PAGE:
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Scotland is brimming with craggy cliffs and vertiginous shoreside outcrops.
One of the most underrated beach destinations on the planet, Scotland is full of excellent shoreline landscapes, with lots of precipitous panoramas. And it’s all varied stuff – you don’t just get normal old boring cliffs, you get caves, overhangs, natural arches, strange formations and a whole load of brilliant views.
In this list, we’ve included mainland cliffs, remote island overhangs, outrageously faraway formations and plenty more.
Hope you’ve packed some good shoes, cos today we’re exploring the best 13 cliffs in Scotland…
1. Duncansby Stacks
I’m kicking things off with (probably) the most famous entry on our list.
You’ve all heard of these cliffs, or at least John O’Groats, the village very close to them.
John O’Groat’s is famous as the most northeasterly point of mainland UK, and lots of people drive, walk or cycle between here and Land’s End (the most southwesterly point of mainland UK) as a challenge.
But if you venture just a little further east of the village, you’ll find Duncansby Head and Duncansby Stacks. The former is a lonely, humble lighthouse, while the latter is part of a cliff-packed promontory with pointy stacks, crashing waves and lots of hashtags on Instagram.
These two crumbling, jagged stacks rise around 50 meters from the sea, separated from the on-land cliff face beside them.
If you want to properly explore the area, there’s a popular, easy coastal hike which includes the town, the stacks and the lighthouse. It’s 8km, it takes 2.5 hours and it’s one of the best well-known coastal walks in Scotland.
When they’ve been to John O’Groats, lots of people think they’ve been to the most northerly point in Scotland. But they haven’t. That accolade actually belongs to…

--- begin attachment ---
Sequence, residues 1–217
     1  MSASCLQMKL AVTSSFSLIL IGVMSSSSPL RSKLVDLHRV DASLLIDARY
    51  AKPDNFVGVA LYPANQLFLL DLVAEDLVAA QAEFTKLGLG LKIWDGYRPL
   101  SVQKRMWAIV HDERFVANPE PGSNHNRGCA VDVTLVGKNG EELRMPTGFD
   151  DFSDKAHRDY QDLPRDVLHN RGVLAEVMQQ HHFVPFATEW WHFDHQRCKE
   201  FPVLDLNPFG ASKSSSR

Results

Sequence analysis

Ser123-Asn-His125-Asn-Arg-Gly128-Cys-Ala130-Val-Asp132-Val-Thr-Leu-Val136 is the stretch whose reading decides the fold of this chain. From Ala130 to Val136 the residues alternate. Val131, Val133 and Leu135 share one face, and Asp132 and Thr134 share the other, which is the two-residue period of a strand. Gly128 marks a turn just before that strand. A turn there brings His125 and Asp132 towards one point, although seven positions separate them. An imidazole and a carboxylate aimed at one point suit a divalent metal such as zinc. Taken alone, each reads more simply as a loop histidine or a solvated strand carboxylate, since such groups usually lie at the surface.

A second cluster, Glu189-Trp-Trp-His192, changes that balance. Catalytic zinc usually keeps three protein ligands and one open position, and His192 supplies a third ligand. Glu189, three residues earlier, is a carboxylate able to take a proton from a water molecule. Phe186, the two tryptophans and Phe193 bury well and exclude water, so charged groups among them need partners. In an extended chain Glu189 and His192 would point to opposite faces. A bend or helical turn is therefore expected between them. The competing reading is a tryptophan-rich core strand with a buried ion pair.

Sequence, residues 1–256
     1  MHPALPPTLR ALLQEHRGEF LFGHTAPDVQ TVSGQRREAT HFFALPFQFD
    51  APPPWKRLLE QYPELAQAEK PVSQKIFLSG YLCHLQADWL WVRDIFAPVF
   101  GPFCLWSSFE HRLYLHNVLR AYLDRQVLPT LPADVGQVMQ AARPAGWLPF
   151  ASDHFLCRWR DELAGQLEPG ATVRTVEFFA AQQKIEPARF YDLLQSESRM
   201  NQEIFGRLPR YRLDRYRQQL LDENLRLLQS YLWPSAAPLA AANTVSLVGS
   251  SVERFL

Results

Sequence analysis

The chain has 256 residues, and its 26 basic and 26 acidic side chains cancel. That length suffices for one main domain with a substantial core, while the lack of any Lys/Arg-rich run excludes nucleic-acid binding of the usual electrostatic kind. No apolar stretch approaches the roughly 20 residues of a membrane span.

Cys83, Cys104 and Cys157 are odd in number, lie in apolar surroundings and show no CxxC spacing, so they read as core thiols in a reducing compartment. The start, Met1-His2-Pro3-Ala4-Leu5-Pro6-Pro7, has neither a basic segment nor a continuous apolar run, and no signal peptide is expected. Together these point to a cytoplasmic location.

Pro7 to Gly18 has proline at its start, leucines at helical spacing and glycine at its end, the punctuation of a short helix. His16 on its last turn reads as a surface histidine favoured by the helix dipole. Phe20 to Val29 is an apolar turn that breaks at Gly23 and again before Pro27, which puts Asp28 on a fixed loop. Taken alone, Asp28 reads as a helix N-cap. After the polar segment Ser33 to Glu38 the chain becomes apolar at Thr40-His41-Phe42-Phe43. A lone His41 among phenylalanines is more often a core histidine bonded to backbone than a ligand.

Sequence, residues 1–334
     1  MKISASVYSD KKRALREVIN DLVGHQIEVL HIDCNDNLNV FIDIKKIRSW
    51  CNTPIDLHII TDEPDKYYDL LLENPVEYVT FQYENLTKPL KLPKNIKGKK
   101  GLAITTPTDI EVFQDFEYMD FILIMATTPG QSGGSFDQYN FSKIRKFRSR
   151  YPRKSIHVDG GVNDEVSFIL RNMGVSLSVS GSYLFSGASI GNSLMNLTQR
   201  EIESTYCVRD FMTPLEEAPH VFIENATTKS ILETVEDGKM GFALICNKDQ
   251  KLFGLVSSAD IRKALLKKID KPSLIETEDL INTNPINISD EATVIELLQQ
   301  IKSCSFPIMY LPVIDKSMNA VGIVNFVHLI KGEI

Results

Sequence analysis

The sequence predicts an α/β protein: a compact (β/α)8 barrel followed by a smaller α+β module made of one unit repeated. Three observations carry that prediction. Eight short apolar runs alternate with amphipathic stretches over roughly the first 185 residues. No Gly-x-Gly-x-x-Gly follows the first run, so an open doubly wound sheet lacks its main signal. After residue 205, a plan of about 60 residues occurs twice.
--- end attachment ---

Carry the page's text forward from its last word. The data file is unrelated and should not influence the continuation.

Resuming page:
2. Dunnet Head
The most northerly point in mainland Scotland (and mainland UK), Dunnet Head is less well-known than its Duncansby neighbor, but it’s still pretty popular with locals, tourists and North Coast 500 road trippers.
No matter why they’re visiting Dunnet Head, you’ll always find people clambering around on these gigantic cliff edges, desperate to seek out the best view they can.
Again, Dunnet Head is the name of the lighthouse, but the limestone cliffs around it are excellent, packed with birds, 100-meter sheer drops and nice places for a stroll. If you get a clear day, you can see the Orkney Islands ahead of you, a rugged archipelago off the north east coast of Scotland. But more on those later, as they’re one of the best cliff-hunting destinations in Scotland.
If you fancy a lengthy walk, you can complete a near-perimeter loop from Dunnet village to Dunnet Head, taking in the cliffs, the lighthouse and almost all of the lumpy headland. The entire loop is a hefty 17km.
3. Whaligoe Steps
Another cliffside attraction along the North Coast 500, the Whaligoe Steps are probably the strangest entry on this list. If you’re only gonna visit one of these places, consider this as your sole pick.
Lying between Wick and Lybster on the east coast of Scotland are more than 300 18th-century man-made steps, which descend directly down a cliff face and offer access to one of the world’s most secluded, hidden harbours. It’s an descent of around 80 meters, and trundling down the steps is an infamously odd experience.
The harbour and inlet at the descent’s bottom are narrow and diminutive, while the views from the base are brilliant. You get grassy verges, rocky cliffs, a gushing waterfall, ancient industrial relics and the ruins of a house-sized salt store.
Getting up and down the steps takes around 30 minutes in total, making it a great hiking choice for anyone who can’t be bothered with a long walk.
4. Clo Mor Cliffs
This entry is a pretty strange one too, and accessing these faraway cliffs is a surreal, adventurous and challenging experience.